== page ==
Monthly Archives: October 2012

Love Among the Chickens

Today’s post is a Kindle/e-reading edition. (I patiently repeat, I only have the Kindle, but assume that you can get the same books on the Nook.)

I read P. G. Wodehouse’s Love Among the Chickens: A Story of the Haps and Mishaps on an English Chicken Farm the other day.  It is pretty funny, involving, among other things, a mad chase after a chicken, and a writer with a good imagination— but I will say no more, lest I spoil the tale.

I must also recommend Wodehouse’s Jeeves books.  These can be found for free on the Kindle as well— at least three, I believe.



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King Alfred the Great

I rarely have one favorite book for long.  As there are so many wonderful books out there, I generally have a varying list of ten or twelve favorites.

However, one book which I have not yet tired of (nor do I think I shall tire of it), is G. K. Chesterton’s The Ballad of the White Horse.

I have an innate love for historical fiction (when it’s any good), and this is no exception.  As G. K. explained, though, this is not historical fiction, but popular.

There are two things I really love about this poem.  Firstly, I love the beauty of the language, the color, the intricacy, the wonder of the words.  The other thing is the rhythm and cadence of the words, the flow and the grace of the language.  Beautiful.


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Filed under Recommendations, Suggested Fall Reading

Explaining About the Normans

First, I wish to apologize.  I found the name of the book I mentioned in yesterday’s blog, “The High History of the Holy Grail”.  It is available on the Kindle.  My mistake.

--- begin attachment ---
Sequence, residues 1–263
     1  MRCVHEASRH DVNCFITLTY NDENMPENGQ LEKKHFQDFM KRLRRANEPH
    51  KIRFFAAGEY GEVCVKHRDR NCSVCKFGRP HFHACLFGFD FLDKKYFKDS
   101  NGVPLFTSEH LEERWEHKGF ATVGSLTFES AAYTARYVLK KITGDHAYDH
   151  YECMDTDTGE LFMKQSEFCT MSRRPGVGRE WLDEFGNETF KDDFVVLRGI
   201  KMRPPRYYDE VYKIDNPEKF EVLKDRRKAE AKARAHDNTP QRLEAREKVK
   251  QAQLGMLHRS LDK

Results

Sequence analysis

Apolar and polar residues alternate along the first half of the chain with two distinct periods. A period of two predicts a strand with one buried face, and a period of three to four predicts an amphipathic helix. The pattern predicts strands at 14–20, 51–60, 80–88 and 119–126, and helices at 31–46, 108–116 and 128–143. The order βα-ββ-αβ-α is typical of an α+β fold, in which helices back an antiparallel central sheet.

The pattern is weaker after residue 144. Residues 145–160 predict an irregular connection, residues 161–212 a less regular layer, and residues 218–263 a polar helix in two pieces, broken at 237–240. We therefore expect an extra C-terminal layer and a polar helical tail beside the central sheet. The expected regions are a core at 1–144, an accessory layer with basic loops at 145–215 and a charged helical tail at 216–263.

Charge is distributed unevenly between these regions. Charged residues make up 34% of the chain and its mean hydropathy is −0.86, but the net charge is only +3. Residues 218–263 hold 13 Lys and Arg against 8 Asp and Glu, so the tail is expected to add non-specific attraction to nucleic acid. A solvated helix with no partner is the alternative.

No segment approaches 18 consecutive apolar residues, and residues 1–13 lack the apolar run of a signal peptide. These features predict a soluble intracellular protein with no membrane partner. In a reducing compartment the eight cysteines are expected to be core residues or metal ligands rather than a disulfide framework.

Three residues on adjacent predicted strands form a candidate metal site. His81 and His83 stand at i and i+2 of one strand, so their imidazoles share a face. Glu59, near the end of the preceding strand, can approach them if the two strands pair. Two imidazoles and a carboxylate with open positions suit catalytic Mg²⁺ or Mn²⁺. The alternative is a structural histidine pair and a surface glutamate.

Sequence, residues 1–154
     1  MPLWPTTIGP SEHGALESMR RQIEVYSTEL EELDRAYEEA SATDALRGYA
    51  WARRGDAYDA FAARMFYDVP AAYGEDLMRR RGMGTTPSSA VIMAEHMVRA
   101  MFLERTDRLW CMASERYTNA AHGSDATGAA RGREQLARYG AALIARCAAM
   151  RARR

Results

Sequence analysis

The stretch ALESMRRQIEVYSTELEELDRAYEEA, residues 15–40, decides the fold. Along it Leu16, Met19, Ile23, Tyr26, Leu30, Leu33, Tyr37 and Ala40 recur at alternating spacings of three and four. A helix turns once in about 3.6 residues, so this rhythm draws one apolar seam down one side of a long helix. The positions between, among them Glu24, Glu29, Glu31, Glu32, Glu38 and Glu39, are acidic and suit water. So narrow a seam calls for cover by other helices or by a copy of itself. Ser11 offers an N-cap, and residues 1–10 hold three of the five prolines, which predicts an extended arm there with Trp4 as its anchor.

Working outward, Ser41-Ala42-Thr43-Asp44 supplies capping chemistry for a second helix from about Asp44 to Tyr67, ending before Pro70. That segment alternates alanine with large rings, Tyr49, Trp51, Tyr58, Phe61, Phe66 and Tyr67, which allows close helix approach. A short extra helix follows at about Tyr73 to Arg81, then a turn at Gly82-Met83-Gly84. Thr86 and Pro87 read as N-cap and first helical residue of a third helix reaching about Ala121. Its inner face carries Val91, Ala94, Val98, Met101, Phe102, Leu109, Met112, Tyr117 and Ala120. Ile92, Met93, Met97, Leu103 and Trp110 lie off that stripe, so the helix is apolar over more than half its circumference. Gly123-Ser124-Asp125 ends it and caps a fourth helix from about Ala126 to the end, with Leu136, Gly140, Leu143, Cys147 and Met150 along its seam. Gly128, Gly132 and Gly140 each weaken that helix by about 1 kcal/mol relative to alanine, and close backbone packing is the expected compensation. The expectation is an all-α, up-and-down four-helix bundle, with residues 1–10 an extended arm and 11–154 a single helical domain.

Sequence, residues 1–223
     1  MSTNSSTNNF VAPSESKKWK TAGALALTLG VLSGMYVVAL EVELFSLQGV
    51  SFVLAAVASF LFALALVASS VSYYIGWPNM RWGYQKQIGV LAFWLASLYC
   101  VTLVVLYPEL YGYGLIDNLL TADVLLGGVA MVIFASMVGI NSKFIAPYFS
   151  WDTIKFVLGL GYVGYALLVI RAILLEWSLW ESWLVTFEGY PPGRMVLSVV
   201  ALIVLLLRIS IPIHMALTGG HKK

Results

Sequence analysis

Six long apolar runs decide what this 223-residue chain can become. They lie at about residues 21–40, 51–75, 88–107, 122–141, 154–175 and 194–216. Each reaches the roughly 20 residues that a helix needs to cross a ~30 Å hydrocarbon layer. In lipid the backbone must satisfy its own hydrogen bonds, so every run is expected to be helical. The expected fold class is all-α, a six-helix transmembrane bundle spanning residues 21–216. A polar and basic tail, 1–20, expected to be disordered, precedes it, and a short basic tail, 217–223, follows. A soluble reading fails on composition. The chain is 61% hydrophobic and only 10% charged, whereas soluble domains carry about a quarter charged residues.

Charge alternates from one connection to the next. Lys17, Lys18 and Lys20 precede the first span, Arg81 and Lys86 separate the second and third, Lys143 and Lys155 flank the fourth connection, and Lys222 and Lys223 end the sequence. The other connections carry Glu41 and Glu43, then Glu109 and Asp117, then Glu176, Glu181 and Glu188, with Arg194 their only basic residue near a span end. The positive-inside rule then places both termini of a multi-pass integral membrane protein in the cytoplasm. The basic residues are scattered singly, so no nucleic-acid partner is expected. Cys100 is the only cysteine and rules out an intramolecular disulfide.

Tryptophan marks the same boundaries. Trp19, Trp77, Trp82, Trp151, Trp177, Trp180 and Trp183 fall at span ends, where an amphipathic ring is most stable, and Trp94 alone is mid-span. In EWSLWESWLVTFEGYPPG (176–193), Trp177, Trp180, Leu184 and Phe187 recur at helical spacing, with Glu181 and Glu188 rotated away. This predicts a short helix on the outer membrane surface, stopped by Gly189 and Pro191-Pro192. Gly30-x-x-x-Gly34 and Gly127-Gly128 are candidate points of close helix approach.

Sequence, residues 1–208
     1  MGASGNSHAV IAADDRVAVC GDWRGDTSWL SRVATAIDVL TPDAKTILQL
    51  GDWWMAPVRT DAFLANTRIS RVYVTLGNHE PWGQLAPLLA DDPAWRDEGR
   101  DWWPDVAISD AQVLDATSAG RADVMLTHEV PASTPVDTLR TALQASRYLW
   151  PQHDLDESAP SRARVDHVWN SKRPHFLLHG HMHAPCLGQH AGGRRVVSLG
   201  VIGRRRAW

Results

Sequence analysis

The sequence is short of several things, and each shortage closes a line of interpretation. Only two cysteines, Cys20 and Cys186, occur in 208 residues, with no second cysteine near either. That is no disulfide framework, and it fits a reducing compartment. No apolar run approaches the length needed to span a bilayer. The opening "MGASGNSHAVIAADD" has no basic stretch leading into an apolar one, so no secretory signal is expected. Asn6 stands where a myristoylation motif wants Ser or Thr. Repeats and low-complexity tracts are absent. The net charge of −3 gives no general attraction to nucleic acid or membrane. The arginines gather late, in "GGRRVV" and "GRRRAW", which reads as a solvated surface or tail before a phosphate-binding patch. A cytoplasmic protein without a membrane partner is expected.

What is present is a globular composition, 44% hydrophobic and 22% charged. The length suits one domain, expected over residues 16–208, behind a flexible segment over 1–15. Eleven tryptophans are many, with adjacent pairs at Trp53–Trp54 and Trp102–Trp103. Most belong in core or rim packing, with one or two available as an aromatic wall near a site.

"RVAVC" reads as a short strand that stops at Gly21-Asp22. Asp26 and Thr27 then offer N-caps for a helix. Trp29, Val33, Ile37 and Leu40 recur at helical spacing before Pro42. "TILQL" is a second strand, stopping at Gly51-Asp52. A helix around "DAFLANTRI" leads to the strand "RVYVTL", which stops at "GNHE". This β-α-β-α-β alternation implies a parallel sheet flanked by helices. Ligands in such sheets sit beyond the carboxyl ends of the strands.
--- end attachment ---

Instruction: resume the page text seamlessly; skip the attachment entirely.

Now I am free to explain about the Normans.  What I meant was, I blame the Normans for the story about Lancelot and Guenevere.  It’s only my opinion, of course, and I’ve never seen it backed up anywhere.  It sounds to me altogether like the French troubadour’s songs of “courtly love”.

Well, I shall endeavor to recommend some really good books in tomorrow’s blog.  Until then, I hope you try The High History of the Holy Grail, if you’re interested.  Enjoy!

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Filed under Recommendations, Reviews of old and new books, Suggested Fall Reading

The Once and Future King

I read T. H. White’s The Once and Future King the other day.  I don’t reccomend it; and I shall recount my reasons here.

The book itself is divided into books, minor books I should say.  Well, the first book and a half were quite good, even hysterically funny.  After that, the quality of White’s writing dropped off dramatically, and became a re-hash of Malory.  Also, White got on his hobby-horse and talked about ideals, and politics, and what-not, and got very dry and dull indeed.

I would recommend something other than this, but I’ve forgotten the name of the book that I loved– and I think it’s long out of print, because I can’t find it.  I suppose Malory, whose work I dislike (I blame the Normans for the story of Lancelot and Guenevere.  I’ll explain later.), might be in order, but there is a great deal of work to be found written about Arthur.

Well, I hope you find something better to read about King Arthur, and anyone with any suggestions is welcome to post them in the comment box.

Thank You!

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No Rhyme nor Rhythm

It seems to me that so few modern poets have any sense or beauty left in their poetry.  Well, let me rephrase that.  I haven’t really read anything very recent, but when I read poetry written after the 1950s, the meter and rhythm feel like they’ve been through a wood mulcher.  (That’s why I prefer old poetry.)

My model of perfect meter in poetry would be G. K. Chesterton’s Lepanto.  He used a wonderful hand in turning the stresses, so that the words showed you, by their sounds, what was going on… The last six lines are the perfect example of what I mean, but the whole poem is a master-work.  I don’t know if modern poets give the same care to the meter (I hope they do).

But other poets had flowing verses, too.  You might want to try some classical poets, until you find one whose style you like (and if you like you can comment about their poetry in the box at the bottom of the page).


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